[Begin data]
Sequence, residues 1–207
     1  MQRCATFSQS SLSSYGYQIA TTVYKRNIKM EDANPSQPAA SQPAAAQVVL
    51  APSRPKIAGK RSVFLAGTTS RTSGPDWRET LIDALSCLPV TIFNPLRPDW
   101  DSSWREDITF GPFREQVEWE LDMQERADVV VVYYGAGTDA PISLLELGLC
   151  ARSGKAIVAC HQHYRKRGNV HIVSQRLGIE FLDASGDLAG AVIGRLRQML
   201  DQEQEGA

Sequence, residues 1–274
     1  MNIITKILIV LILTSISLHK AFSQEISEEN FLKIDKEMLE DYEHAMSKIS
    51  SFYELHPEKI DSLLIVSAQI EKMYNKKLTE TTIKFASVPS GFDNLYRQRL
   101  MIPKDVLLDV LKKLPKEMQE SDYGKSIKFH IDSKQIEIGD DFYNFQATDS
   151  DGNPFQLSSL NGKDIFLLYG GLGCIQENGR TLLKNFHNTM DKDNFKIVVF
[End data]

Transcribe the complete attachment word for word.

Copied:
Sequence, residues 1–207
     1  MQRCATFSQS SLSSYGYQIA TTVYKRNIKM EDANPSQPAA SQPAAAQVVL
    51  APSRPKIAGK RSVFLAGTTS RTSGPDWRET LIDALSCLPV TIFNPLRPDW
   101  DSSWREDITF GPFREQVEWE LDMQERADVV VVYYGAGTDA PISLLELGLC
   151  ARSGKAIVAC HQHYRKRGNV HIVSQRLGIE FLDASGDLAG AVIGRLRQML
   201  DQEQEGA

Sequence, residues 1–274
     1  MNIITKILIV LILTSISLHK AFSQEISEEN FLKIDKEMLE DYEHAMSKIS
    51  SFYELHPEKI DSLLIVSAQI EKMYNKKLTE TTIKFASVPS GFDNLYRQRL
   101  MIPKDVLLDV LKKLPKEMQE SDYGKSIKFH IDSKQIEIGD DFYNFQATDS
   151  DGNPFQLSSL NGKDIFLLYG GLGCIQENGR TLLKNFHNTM DKDNFKIVVF